Increasing rate of N fertigation increased total plant N content. This is consistent with results obtained on some other plant species (Bi et al., 2007; Cheng et al., 2001). An inverse relationship between plant N content and the likelihood of response to foliar urea applications has been suggested (Weinbaum, 1988). Mature apple trees with a high N content show no response to postharvest foliar applications of urea (Delap, 1967). The response of pear trees to postharvest foliar sprays of urea was also related to tree N status (Sanchez et al., 1990). In apple nursery trees, foliar urea sprays after terminal bud set can increase the amount of stored N; however, trees with low N status were more efficient in absorbing and translocating N from foliar urea applications than those with higher N status (Cheng et al., 2002). Our data indicated that hydrangea with lower N content can absorb and export more 15N on a unit leaf area basis than those with higher N status.

Greater efficiency in urea–N uptake and export was most obvious during the first 5 d after spraying. Interestingly, efficiency in urea–N uptake and export was similar in plants in the 10 mm, 15 mm, and 20 mm N treatments, although initial N content of plants in these treatments were significantly different. This suggests plants with lower N content from N fertigation treatments may benefit even more from additional urea sprays 5 d after the initial urea spray treatment. These data also suggest there may be some threshold N content above which plant response to urea sprays is similar, regardless of N content.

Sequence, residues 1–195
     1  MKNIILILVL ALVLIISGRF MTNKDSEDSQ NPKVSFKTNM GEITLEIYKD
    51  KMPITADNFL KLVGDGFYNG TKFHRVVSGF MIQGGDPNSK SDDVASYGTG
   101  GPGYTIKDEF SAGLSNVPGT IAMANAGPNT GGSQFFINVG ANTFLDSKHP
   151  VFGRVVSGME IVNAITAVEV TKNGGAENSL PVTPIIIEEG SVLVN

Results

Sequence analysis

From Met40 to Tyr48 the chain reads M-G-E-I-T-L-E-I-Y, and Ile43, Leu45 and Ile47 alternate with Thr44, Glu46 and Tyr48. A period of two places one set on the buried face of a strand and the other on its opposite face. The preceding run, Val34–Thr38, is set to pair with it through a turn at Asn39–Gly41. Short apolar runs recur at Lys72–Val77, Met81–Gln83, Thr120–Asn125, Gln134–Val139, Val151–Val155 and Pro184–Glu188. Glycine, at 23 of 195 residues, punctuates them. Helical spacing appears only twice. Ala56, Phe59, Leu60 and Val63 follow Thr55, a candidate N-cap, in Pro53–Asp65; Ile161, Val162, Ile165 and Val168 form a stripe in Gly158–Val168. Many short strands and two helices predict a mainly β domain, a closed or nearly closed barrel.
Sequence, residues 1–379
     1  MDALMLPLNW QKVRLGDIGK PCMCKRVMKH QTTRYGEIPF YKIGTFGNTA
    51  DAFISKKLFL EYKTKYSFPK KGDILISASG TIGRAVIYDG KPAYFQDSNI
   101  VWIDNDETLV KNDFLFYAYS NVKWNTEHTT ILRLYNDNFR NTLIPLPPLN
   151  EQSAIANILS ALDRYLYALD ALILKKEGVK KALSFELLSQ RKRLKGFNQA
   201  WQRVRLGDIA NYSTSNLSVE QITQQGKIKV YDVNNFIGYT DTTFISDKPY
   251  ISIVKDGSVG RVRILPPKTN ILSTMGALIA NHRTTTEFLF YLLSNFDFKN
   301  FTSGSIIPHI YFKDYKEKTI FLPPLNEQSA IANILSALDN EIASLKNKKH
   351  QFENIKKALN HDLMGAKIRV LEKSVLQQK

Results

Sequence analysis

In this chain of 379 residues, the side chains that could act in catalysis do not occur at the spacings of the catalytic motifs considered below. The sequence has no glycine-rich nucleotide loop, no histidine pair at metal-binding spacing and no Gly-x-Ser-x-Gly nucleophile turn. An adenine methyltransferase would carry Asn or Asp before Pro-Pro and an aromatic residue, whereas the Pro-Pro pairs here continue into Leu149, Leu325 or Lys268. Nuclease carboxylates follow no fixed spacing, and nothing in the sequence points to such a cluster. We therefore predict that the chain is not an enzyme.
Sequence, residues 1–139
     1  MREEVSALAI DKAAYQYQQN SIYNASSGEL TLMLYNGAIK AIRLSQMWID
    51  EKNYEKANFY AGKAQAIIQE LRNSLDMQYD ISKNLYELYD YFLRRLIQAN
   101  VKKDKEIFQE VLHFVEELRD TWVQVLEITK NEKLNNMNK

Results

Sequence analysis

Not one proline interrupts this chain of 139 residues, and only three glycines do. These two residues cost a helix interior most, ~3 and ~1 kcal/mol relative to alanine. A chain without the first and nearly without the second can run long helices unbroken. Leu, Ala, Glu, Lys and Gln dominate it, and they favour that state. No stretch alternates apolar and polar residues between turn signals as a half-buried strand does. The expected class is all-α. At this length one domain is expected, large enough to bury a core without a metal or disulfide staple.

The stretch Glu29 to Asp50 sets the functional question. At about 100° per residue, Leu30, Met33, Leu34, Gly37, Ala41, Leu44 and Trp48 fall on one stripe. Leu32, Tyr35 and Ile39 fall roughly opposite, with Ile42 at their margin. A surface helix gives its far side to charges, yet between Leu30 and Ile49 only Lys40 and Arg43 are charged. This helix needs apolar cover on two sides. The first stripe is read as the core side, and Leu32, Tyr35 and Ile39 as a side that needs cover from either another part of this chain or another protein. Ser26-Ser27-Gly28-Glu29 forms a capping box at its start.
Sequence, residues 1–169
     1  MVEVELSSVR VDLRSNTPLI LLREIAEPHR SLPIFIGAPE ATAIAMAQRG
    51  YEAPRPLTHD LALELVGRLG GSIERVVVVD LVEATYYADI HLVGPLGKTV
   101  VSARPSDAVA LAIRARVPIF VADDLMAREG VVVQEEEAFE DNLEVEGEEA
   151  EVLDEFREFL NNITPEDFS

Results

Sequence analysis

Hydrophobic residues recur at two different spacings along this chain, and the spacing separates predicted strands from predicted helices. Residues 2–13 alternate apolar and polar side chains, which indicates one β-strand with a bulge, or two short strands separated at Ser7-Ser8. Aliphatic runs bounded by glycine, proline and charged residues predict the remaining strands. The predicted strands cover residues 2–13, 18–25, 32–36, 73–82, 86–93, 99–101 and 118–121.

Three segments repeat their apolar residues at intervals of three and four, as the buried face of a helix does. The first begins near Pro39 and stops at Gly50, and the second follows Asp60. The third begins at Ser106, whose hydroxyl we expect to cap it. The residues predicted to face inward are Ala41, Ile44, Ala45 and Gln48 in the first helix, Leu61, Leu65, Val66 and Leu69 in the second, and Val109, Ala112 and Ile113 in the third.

In our study, hydrangea leaves exported between 50% and 77% of the absorbed N 15 d after sprays depending on plant N content from N fertigation treatments. With young apple trees, ≈64% of absorbed N was exported from leaves 20 d after sprays (Dong et al., 2002). Cheng et al. (2002) reported ≈80% to 90% of the urea–N absorbed from foliar sprays is mobilized back into storage tissues of young apple trees at the end of natural leaf fall. Between 54% and 60% of the urea–N absorbed by the canopy of potted nectarine trees was recovered in storage during leaf senescence (Tagliavini et al., 1998). The high variation in export reported in studies may be a result of differences in plant metabolism between species in fall, the age or developmental stage of plants when harvested, the number or rate of urea spray used, the timing of urea sprays, plant nutrient status, and weather conditions. For example, in Mississippi, natural defoliation of hydrangeas generally occurs during November and December. Our results with ‘Berlin’ hydrangea suggest when plants in Mississippi are sprayed in late October, urea–N is not only exported to storage in physiologically active plants but may also be retained in the leaves to support leaf metabolism until closer to the time of natural defoliation.